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March 21, 2018
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America's first "anti-family."

“Roseanne,” the smash-hit sitcom about an abrasive but lovable housewife and her equally quirky brood returns to ABC March 27th after a 21-year-long hiatus.

I, for one, am stoked about the revival–and seeing what the Connors have been up to all these years. In a world of oppressively politically correct mainstream television, the “Roseanne” reboot will be a welcome guest on my TV screen (or tablet–if I ever get Amazon Prime.)

The Connors were a pretty grand piece of Americana. You have Roseanne, the sharp-tongued take-no-crap, pulls-no-punches housewife; you have Dan, the blue-collar, sometimes volatile, sometimes genial husband; you have Darlene, the sardonic daughter, whose gleeful unenthusiasm for life is almost infectious; you have Becky, the more traditional American sitcom TV daughter; and then, of course, you have D.J.–the modern-day ‘90s kid; Alfalfa with a Super Nintendo.

The Connors are wonderful: moderately dysfunctional, purely American.

There’s another TV family that I hope will also grace our tablets and overpriced television sets once again, The Bundys. Unless you have been living under a rock in the late '80s to middle '90s–or were in prison, you felonious freak–you’d know all about America’s favorite misanthrope, Al “Shoehorn” Bundy; and his spend-thrifty and work-averted wife, Peg; his extremely promiscuous and dim-witted daughter, Kelly; his super-horny but book-smart son, Bud.

The Bundys, to me, are underrated. They are America’s first anti-family. Oh yes– we’ve seen plenty of anti-heros on TV before. Tony Soprano. Walter White. Dexter. And they were all revolutionary, ahead-of-their-time creations. But the Bundys deserve credit for being America’s first anti-family.

“We started the show as a response to the wave of sitcoms with an idealized family–the kind with clean sweaters, clean teeth, and clean hair,” said Michael Moye in a 1994 interview with Entertainment Weekly. Moye created the uproariously hilarious sitcom with longtime writing partner Ron Leavitt. “They were 22-minute morality plays that ended with a gang hug. We thought somewhere out there, there’s a group not being represented,” explained Moye.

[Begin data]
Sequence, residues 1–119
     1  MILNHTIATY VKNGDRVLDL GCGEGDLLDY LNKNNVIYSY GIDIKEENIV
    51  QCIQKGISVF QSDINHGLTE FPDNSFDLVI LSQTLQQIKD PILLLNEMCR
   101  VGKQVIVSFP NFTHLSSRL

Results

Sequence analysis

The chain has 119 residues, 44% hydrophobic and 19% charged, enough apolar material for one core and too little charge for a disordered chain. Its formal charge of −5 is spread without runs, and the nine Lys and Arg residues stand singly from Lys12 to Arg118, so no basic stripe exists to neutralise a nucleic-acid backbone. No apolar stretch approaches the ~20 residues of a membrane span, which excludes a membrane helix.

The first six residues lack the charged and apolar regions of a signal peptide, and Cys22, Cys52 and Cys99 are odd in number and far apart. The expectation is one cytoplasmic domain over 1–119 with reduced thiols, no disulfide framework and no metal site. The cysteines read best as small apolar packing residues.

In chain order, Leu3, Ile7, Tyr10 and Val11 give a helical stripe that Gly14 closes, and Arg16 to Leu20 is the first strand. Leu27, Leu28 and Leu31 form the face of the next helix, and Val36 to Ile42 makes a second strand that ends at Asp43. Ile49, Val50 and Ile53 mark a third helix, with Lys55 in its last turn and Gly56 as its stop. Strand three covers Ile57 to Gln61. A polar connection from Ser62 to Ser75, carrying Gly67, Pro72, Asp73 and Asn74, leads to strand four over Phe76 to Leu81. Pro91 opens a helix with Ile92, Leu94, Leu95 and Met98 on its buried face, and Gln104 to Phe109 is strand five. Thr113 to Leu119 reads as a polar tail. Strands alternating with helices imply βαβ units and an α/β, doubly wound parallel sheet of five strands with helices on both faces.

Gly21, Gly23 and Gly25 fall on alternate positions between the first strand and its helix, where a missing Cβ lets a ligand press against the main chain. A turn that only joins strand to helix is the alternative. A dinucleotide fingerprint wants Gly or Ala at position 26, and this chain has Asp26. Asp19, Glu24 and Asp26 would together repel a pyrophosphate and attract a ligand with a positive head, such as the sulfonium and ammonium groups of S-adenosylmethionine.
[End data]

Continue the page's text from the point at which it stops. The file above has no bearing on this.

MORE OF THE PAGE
They thought right. Moye and Leavitt were no strangers to the TV industry. Both were on the writing staff of kick-ass vintage sitcoms such ass “The Jeffersons,” “Happy Days” and “Good Times.” However, those shows weren’t their brainchild.

Al Bundy was indeed the anti-Cliff Huxtable: Cliff always did the right thing (unlike the real Mr. Cosby, unfortunately), he always hammered into his children the importance of going to college, earning a decent leaving, providing for their family. Al Bundy, on the other hand–the anti-Cosby–couldn’t care less whether his children go to college, earn decent grades, or even graduate high school. Al’s life is over. He has a wife who spends whatever measly paycheck he earns as a lowly shoe-salesman as soon as he brings it home. A daughter who can’t properly spell “cat.” And a son who’s in a hot-and-heavy relationship with a latex woman. All Al wants to do his reflect on his early years. His family, his occupation, are all matters of shame for him. His two touchdowns at Poke High, however, are the pinnacle of his life.

As mentioned before, the Connors were slightly dysfunctional. The Bundy’s were wholly dysfunctional. Moye and Leavitt took this miserable but oddly endearing clan as far as they could take them. In fact, it’s a wonder a show like “Married…With Children” even got the much-coveted greenlight. Simply amazing for a show in an era of Dan Tanner smothering love and affections for the bratty D.J., Stephanie and Nicole; in an era of campy TGIF shows with cookie-cutter endings, unrealistically resolving story-lines ending with cheesy guitar riffs and hugs. Yuck.

Not that I don’t have my own special nostalgia for the likes of “Full House,” “Family Matters,” and “Step By Step.” But you can only listen to Urkel’s grating voice so long; you can only tolerate Patrick Duffy’s toupee for a few times a month; storylines with neatly and easily wrapped up endings are no longer within the realm of possibility, not after we have seen the magic of trailblazing shows like “Married With Children” and “Roseanne.”

For Pete’s sake, bring the Bundy’s back. Unlike “Roseanne,” the Bundy’s never even got a final episode, a proper send-off, and they predate and inspired all of TV’s dysfunctional family’s, even the Connors.

Bring them back, I say. Why not? A “Married With Children” reboot would bring us back to a more nostalgic and welcoming time–a time when movie ticket stubs were only 3.50 cents apiece, and when an overgrown man-child with a horrible spray-tan would never have made it into the Oval Office.

Come on, unnamed executives. Bring the Bundys back. Pretty please? If you don’t, I’m going to have to tell on you to Grand Master B–and believe you: You don’t want to get on The Master’s bad-side.

About the author: Jack Bristow’s writing has appeared in The Saturday Evening Post, The Huffington Post and The Santa Fe New Mexican. You can follow Mr. Bristow @realjackbristow.

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